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[William Hazlitt]
Mr. Coleridge's Lay-Sermon.
The Examiner  No. 472  (30 March 1817)  28-29.
Licensed under a Creative Commons Attribution-Noncommercial-Share Alike 3.0 Unported License.
Produced by CATH


No. 472. SUNDAY, JAN. 12, 1817.



Sir,—Your last Sunday’s Literary Notice has given me some uneasiness on two points.

It was in January, 1798, just 18 years ago, that I got up one morning before day-light to walk ten miles in the mud, and went to hear a poet and a philosopher preach. It was the author of the Lay-Sermon. Never, Sir, the longest day I have to live, shall I have such another walk as this cold, raw, comfortless one in the winter of the year 1798. Mr. Examiner, Il y a des impressions que ni le tems ni les circonstances peuvent effacer. Dusse-je vivre de siecles entiers, le doux tems de ma jeunesse ne peut renaitre pour moi, ni s’effacer jamais dans ma memoire. When I got there, Sir, the organ was playing the hundredth psalm, and when it was done, Mr. C. rose and gave out his text, “And he went up into the mountain to pray, himself, alone.” As he gave out this text, his voice “rose like a steam of rich distill’d perfumes,” and when he came to the last two words, which he pronounced loud, deep, and distinct, it seemed to me, Sir, who was then young, as if
the sounds had echoed from the bottom of the human heart, and as if that prayer might have floated in solemn silence through the universe. The idea of St. John came into my mind, “of one crying in the wilderness, who had his loins girt about, and whose food was locusts and wild honey.” The preacher then launched into his subject, like an eagle dallying with the wind. That Sermon, like this Sermon, was upon peace and war; upon church and state—not their alliance, but their separation—on the spirit of the world and the spirit of Christianity, not as the same, but as opposed to one another. He talked of those who had “inscribed the cross of Christ on banners dripping with human gore.” He made a poetical and pastoral excursion,—and to shew the fatal effects of war, drew a striking contrast between the simple shepherd boy, driving his team afield, or sitting under the hawthorn, piping to his flock, as though he should never be old, and the same poor country-lad, crimped, kidnapped, brought into town, made drunk at an alehouse, turned into a wretched drummer-boy, with his hair sticking on end with powder and pomatum, a long cue at his back, and tricked out in the loathsome finery of the profession of blood.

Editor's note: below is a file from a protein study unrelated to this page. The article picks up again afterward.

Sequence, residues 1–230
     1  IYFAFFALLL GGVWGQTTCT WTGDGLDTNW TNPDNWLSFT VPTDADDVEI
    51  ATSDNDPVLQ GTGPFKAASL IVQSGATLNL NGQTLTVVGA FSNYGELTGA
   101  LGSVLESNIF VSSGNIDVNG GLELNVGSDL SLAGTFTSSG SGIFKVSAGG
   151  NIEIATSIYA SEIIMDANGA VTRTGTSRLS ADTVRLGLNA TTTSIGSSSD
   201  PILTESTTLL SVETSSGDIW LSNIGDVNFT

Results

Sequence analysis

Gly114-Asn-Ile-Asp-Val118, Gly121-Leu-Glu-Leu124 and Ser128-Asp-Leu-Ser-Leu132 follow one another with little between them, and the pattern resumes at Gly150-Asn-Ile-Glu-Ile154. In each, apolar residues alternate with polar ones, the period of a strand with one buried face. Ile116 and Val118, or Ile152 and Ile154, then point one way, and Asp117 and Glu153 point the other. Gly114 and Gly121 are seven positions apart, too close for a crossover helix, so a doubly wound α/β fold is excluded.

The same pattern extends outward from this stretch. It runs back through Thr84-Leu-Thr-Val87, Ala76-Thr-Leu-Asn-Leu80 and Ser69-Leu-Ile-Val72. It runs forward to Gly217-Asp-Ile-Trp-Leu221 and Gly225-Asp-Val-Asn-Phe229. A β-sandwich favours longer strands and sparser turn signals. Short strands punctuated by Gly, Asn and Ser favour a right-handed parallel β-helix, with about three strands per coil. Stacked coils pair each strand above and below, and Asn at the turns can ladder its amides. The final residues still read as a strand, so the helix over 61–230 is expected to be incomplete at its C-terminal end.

“Such were the notes our once-lov’d poet sung.”
And for myself, Sir, I could not have been more delighted if I had heard the music of the spheres. Poetry and Philosophy had met together, Truth and Genius had embraced, under the eye and with the sanction of Religion. This was even beyond my hopes. I returned home well satisfied. The sun that was still labouring pale and wan through the sky, obscured by thick mists, seemed an emblem of the good cause: and the cold dank drops of dew that hung half melted on the beard of the thistle, had something genial and refreshing in them; for there was a spirit of hope and youth in all nature, that turned everything into good. The face of nature had not then the brand of Jus Divinum on it;
’Like to that sanguine flower inscrib’d with woe.’

Now, Sir, what I have to complain of is this, that from reading your account of the Lay-Sermon, I begin to suspect that my notions formerly must have been little better than a deception: that my faith in Mr. Coleridge’s great powers must have been a vision of my youth, that, like other such visions, must pass away from me; and that all his genius and eloquence is vox et preterea nihil: for otherwise how is it so lost to all common sense upon paper?

Again, Sir, I ask Mr. Coleridge, why, having preached such a Sermon as I have described, he has published such a Sermon as you have described? What right, Sir, has he or any man to make a fool of me or any man? I am naturally, Sir, a man of a plain, dull, dry understanding, without flights or fancies, and can just contrive to plod on, if left to myself: what right, then has Mr. C., who is just going to ascend in a balloon, to offer me a seat in the parachute, only to throw me from the height of his career upon the ground, and dash me to pieces? Or again, what right has he to invite me to a feast of poets and philosophers, fruits and flowers intermixed,—immortal fruits and amaranthine flowers,—and then to tell me it is all vapour, and, like Timon, to throw his empty dishes in my face? No, Sir, I must and will say it is hard. I hope, between ourselves, there is no breach of confidence in all this; nor do I well understand how men’s opinions on moral, political, or religious subjects can be kept a secret, except by putting them in the Correspondent.

Semper Ego Auditor.